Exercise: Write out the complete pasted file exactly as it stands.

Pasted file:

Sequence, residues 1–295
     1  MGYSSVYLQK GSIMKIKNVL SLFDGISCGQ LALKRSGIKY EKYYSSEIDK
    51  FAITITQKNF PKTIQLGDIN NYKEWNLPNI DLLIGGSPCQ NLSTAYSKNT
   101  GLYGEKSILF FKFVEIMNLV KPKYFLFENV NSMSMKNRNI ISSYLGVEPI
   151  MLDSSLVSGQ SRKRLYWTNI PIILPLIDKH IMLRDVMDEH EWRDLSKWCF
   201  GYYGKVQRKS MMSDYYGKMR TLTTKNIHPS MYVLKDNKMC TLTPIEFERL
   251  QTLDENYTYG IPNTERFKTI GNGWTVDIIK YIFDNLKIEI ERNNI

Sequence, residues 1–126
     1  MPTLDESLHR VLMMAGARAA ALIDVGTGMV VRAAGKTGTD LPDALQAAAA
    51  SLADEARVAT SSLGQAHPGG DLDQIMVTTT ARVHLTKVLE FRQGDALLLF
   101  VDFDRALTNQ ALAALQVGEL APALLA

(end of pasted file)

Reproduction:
Sequence, residues 1–295
     1  MGYSSVYLQK GSIMKIKNVL SLFDGISCGQ LALKRSGIKY EKYYSSEIDK
    51  FAITITQKNF PKTIQLGDIN NYKEWNLPNI DLLIGGSPCQ NLSTAYSKNT
   101  GLYGEKSILF FKFVEIMNLV KPKYFLFENV NSMSMKNRNI ISSYLGVEPI
   151  MLDSSLVSGQ SRKRLYWTNI PIILPLIDKH IMLRDVMDEH EWRDLSKWCF
   201  GYYGKVQRKS MMSDYYGKMR TLTTKNIHPS MYVLKDNKMC TLTPIEFERL
   251  QTLDENYTYG IPNTERFKTI GNGWTVDIIK YIFDNLKIEI ERNNI

Sequence, residues 1–126
     1  MPTLDESLHR VLMMAGARAA ALIDVGTGMV VRAAGKTGTD LPDALQAAAA
    51  SLADEARVAT SSLGQAHPGG DLDQIMVTTT ARVHLTKVLE FRQGDALLLF
   101  VDFDRALTNQ ALAALQVGEL APALLA